SHELBY COUNTY, Ky. — Over the weekend, a 17-year-old Kentucky high school student jumped into action and has been credited with saving her neighbor’s life.

What You Need To Know

  • A Shelby County teen saved her neighbor's life after learning CPR in high school

  • Mackenzie Bruner is in the Health Science Pathway in SCPS

  • Learning CPR is mandatory for the students in the Emergency Procedures Course

  • Her neighbor is still in critical condition 

Mackenzie Bruner told Spectrum News 1, "I couldn’t just watch and lose him. I just wanted to make a difference on saving his life."

Bruner’s CPR training came exactly at the right moment. On Saturday, Bruner was asleep when her mother came running into her bedroom desperate for help. Her neighbor, Tom, was unresponsive after undergoing a medical emergency.

"He was laying on the ground so I ran over there and they were doing CPR on him and I told them 30 compressions to two breaths," Bruner said.

Seconds later, the teenager didn’t think twice when she saw her beloved neighbor collapsed outside who she cherishes as a grandpa.

"I was very nervous and my anxiety level went through the roof," Bruner said.

With the help of several others, Bruner did her part while waiting for first responders to arrive. "They said if we didn’t start right away he wouldn’t of made it as far as he did," she explained.

Luckily, Bruner, who not long ago completed a CPR training at school in her Emergency Procedures Course, applied her training in a real life situation which played a huge role in saving her neighbors life.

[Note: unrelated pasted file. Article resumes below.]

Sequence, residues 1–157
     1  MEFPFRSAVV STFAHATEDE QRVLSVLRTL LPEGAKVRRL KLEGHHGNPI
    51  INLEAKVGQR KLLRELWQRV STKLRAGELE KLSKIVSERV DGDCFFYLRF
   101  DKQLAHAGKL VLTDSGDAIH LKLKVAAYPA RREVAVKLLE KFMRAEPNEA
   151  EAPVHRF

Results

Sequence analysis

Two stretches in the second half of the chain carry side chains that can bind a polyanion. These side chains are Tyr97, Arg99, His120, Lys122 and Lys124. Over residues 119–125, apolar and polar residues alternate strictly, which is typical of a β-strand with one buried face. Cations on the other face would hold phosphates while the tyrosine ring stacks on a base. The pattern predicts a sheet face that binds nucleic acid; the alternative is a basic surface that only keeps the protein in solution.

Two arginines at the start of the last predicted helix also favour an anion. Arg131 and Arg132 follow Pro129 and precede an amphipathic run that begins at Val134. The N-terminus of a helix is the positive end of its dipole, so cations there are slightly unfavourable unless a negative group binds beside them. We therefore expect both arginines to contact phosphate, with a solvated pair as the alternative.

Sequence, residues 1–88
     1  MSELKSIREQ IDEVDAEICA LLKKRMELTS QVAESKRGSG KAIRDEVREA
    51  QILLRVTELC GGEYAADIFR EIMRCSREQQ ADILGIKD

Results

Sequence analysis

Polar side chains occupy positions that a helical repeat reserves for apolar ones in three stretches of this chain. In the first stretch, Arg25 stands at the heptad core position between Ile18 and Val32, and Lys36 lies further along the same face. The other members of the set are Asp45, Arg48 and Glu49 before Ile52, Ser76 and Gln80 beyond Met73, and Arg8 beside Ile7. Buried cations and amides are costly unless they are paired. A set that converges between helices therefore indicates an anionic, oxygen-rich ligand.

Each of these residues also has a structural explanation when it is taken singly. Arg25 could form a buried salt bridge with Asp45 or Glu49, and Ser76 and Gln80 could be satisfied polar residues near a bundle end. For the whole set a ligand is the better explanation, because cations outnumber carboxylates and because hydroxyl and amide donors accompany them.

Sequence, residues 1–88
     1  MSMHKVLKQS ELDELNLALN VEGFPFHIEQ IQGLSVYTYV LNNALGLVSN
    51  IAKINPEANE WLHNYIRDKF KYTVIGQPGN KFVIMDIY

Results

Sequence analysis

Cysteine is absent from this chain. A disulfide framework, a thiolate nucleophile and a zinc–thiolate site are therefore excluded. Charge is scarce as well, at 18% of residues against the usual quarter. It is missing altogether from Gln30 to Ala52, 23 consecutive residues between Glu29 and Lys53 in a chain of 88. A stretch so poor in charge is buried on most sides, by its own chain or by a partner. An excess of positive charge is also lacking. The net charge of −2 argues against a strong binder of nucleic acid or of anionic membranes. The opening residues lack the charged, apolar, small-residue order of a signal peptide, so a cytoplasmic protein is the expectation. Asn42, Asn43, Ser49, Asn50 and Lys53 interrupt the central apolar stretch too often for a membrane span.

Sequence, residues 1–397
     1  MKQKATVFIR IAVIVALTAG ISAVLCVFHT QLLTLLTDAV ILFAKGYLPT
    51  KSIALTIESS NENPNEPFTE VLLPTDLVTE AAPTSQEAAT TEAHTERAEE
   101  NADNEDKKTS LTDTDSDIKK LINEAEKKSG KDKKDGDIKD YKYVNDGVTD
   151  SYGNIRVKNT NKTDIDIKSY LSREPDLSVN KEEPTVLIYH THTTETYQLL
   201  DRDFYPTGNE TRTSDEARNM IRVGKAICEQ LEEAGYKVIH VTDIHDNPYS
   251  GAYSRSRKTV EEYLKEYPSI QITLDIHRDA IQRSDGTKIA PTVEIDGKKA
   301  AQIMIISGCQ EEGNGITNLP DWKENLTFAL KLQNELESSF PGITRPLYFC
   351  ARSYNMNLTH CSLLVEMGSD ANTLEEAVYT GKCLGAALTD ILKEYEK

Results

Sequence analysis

"I might not do this stuff in the dental field, but I will able to do use like in life just in general," Bruner said.

It’s a skill she learned from her health science instructor Sherry Allen.

"We’re just truly making responsible citizens that are out in the community and they know how to implement these things," Allen said. "When they leave here that’s one of the last questions I ask them, 'if you had to do this do you feel confident that you can do this?'"

She's taught hundreds of students CPR over her 17 year career in education. For this health science educator, her class provides aspiring medical students training to respond to emergencies that require medical attention.

"They step up you know because life happens because you don’t have to be in a medical facility to use these skills and most of the time things happen outside of the hospital," Allen said.

This experience taught Bruner and fellow classmates the importance of learning CPR in school.

"Somethings do happen even if you don’t think it's going to happen," says Bruner.

According to Mackenzie, her neighbor is still in critical condition in the hospital. Upon graduation, she wants to further her education and become a dental assistant.